So, is your Christmas shopping done yet?
No? Come on, it's already Dec. 9! Not much of a planner, are you?
Just kidding. If I had any Christmas shopping to do this year, I guarantee it wouldn't be done. Back in the days before I was married, the few gifts I purchased were always last-minute deals.
But I don't even have to worry about that anymore. Once I got married, and especially after we started having children, my wife made it clear to me that I was not up to the rigors of the gift-buying season.
For one thing, it's too hard for me to part with money. I don't like to spend it, and I tend to think everything is overpriced, even if it's not. (What's this, $20 for a toy? When I got a similar item 35 years ago, I'm sure it only cost a couple of bucks. Inflation? Nope, never heard of it.)
The other problem is that I am the absolute worst hint-taker in the universe, so I tend to not get people the gifts they clearly indicate they want. This was a real problem for me during the first few years of my marriage. My wife would tell me she liked what she received, but during the weeks and months after Christmas, I would find out she had told me several times what she really wanted, and I somehow didn't catch on.
I was saved from this problem by the "Lord of the Rings" movies. My wife is a big fan of the LOTR books and movies, so as long as I purchased something related to them, I was fine. That's why she has LOTR earrings, pins, letter openers, puzzles and such. I rode that horse for years!
But this year, I wasn't even planning to look at catalogs for more "Rings" items, because we bought a family gift that we agreed would cover both of us. (Not that she'll abide by that pact. She'll still get something for me, calling it a "stocking stuffer" or saying it's "from the kids" and thus doesn't count toward our agreement. Sigh.)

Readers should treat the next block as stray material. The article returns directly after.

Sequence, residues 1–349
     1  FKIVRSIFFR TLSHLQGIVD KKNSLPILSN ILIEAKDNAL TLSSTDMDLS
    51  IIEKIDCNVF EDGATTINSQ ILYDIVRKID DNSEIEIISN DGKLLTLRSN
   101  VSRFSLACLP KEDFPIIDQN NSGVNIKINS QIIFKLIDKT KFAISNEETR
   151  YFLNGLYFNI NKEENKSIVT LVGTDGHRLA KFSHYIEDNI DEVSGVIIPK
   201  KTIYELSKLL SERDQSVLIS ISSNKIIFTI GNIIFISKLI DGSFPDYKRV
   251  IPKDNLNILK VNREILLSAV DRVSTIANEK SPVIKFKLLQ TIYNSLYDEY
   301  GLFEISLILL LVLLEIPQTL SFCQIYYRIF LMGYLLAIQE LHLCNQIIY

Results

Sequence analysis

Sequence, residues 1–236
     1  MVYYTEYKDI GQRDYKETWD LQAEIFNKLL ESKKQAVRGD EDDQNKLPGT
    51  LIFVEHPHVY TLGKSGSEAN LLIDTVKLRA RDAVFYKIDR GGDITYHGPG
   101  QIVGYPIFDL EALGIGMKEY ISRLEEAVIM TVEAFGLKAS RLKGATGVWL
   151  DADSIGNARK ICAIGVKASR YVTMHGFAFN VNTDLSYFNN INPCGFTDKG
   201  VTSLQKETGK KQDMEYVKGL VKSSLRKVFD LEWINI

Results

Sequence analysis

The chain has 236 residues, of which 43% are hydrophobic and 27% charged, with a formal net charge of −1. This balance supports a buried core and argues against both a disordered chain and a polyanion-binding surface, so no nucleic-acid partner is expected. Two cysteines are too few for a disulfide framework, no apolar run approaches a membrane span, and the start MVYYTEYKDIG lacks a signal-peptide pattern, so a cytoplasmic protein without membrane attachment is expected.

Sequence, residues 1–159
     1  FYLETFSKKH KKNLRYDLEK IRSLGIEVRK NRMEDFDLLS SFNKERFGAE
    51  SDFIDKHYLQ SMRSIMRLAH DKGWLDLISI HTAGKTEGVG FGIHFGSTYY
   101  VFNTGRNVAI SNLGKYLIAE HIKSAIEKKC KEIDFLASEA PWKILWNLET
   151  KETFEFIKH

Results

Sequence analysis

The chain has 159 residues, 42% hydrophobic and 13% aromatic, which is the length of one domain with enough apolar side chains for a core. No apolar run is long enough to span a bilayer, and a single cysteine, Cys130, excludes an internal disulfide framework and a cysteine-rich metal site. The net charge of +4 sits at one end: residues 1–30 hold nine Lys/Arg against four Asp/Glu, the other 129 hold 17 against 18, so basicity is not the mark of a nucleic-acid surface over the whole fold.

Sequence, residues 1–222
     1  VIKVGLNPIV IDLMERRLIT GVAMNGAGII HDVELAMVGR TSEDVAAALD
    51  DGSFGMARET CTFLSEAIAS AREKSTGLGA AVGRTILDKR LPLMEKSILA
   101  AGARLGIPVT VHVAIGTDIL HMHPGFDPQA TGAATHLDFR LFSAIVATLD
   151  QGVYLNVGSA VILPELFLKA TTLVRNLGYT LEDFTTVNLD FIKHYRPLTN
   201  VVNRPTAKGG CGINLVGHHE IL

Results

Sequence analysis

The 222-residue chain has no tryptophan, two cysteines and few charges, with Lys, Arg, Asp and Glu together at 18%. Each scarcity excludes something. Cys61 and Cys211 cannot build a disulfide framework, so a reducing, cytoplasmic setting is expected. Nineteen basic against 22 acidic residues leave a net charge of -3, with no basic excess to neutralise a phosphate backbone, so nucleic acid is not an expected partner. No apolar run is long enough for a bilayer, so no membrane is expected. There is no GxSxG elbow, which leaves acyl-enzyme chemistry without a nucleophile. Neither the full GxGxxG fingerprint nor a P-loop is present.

The point is, I figured I had successfully avoided any hint of holiday shopping this year. And then last Saturday came around.
I was out with my family, and we decided to stop at a certain popular store whose name rhymes with "All-Smart."
But as we entered the store, I felt like I was anything but smart. How did I get suckered into Christmas shopping with my wife and all four children? I knew I was in for a crowd-jostling, mind-numbing, money-sucking experience that would destroy any holiday spirit I may have been feeling. And since I'm known as the Scrooge of my family, there wasn't much to destroy.
Then something strange happened. As we went up and down the aisles of the store, looking at boots for my little boy, or dolls for my younger daughters, or anything pirates-related for my oldest girl, I found that I was actually enjoying myself.
The crowds weren't bad at all. It was fun to look at — and, I admit, play with — the toys. And watching my little ones talk about the items in the store reminded me of being a kid myself.
We spend a lot of time in my family discussing what we believe is the real "reason for the season," and I would never change that. It helps us stay focused on the things that matter.
But I also think that seeing your children's eyes light up on Christmas morning as they receive gifts they've been dreaming about all year is a precious experience. I well remember the thrill of staring at the beautifully wrapped presents under the tree in our living room when I was a child, imagining what might be inside. We didn't have much, but it didn't matter. The magic was there.
I saw a hint of that magic in a crowded store on a busy December Saturday. I didn't expect it — especially at that time and in that place — but I'm glad I was there to witness it.
What do you know? Maybe Christmas shopping isn't so bad, after all — as long as I only have to do it once a year!
I'll be back to discussing your personal finance comments and questions next week. Send correspondence to email@example.com or to the Deseret News, P.O. Box 1257, Salt Lake City, UT 84110.